It's been a while since I moved all my projects to GitHub. It's convenient to host Git projects, and the collaboration workflow is smooth.

I love pull requests to merge code. I review them, I send them, I merge them. The fact that you can plug them into a continuous integration system is great and makes sure that you don't merge code that will break your software. I usually have Travis-CI setup and running my unit tests and code style check.

The problem with the GitHub workflow is that it allows merging untested code.


Yes, it does. If you think that your pull requests, all green decorated, are ready to be merged, you're wrong.

This might not be as good as you think

You see, pull requests on GitHub are marked as valid as soon as the continuous integration system passes and indicates that everything is valid. However, if the target branch (let's say, master) is updated while the pull request is opened, nothing forces to retest that pull request with this new master branch. You think that the code in this pull request works while that might have become false.

Master moved, the pull request is not up to date though it's still marked as passing integration.

So it might be that what went into your master branch now breaks this not-yet-merged pull request. You've no clue. You'll trust GitHub and press that green merge button, and you'll break your software. For whatever reason, it's possible that the test will break.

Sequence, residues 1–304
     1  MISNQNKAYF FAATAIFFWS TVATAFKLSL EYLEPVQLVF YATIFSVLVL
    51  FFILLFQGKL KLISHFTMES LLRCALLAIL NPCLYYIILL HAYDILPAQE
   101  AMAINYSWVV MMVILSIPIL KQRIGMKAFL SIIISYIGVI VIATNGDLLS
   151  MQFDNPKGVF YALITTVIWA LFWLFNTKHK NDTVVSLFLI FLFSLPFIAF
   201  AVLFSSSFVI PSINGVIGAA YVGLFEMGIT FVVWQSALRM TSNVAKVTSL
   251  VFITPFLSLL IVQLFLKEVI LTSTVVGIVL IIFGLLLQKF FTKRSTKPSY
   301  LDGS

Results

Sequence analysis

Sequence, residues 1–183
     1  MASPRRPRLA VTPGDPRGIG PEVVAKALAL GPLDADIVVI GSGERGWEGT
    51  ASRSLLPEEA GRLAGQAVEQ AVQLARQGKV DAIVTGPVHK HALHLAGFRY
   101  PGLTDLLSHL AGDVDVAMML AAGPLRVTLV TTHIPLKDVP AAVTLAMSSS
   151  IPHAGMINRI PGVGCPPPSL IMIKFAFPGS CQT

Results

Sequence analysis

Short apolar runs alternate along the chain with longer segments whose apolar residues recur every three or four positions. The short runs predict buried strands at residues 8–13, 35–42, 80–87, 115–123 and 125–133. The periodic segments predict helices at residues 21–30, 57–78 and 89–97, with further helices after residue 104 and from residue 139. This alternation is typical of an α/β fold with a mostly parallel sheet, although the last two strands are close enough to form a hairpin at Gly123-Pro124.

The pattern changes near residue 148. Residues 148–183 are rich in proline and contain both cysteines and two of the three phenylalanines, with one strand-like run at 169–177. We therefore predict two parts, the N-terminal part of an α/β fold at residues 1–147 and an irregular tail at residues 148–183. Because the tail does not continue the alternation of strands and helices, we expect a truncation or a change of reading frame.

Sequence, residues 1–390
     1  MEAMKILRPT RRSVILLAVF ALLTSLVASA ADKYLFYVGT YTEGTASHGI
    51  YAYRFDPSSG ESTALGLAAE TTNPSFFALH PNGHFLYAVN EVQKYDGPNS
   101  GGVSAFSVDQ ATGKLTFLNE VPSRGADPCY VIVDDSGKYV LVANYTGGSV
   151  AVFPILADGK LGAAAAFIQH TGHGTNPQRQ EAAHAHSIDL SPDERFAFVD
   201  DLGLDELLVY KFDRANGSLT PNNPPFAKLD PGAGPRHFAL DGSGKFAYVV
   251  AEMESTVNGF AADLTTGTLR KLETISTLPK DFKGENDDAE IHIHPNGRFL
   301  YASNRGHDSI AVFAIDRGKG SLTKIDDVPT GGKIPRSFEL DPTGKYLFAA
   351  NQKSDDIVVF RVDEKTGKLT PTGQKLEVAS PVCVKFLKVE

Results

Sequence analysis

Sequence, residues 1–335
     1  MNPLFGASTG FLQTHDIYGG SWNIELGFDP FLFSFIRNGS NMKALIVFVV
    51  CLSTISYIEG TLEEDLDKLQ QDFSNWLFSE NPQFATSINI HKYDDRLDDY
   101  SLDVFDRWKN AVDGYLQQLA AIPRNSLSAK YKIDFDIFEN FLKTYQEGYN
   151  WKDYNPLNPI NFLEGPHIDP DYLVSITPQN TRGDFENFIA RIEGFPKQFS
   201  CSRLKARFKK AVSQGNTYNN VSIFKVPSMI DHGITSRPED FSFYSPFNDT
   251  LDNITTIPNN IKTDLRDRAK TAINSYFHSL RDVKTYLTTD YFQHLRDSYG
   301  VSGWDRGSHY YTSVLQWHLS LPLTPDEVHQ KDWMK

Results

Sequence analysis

If the pull request has not been updated with the latest version of its target branch, it might break your integration.

The good news is that's something that's solvable with the strict workflow that Mergify provides. There's a nice explanation and example in Mergify's blog post You are merging untested code that I advise you to read. What Mergify provides here is a way to serialize the merge of pull requests while making sure that they are always updated with the latest version of their target branch. It makes sure that there's no way to merge broken code.

That's a workflow I've now adopted and automatized on all my repositories, and we've been using such a workflow for Gnocchi for more than a year, with great success. Once you start using it, it becomes impossible to go back!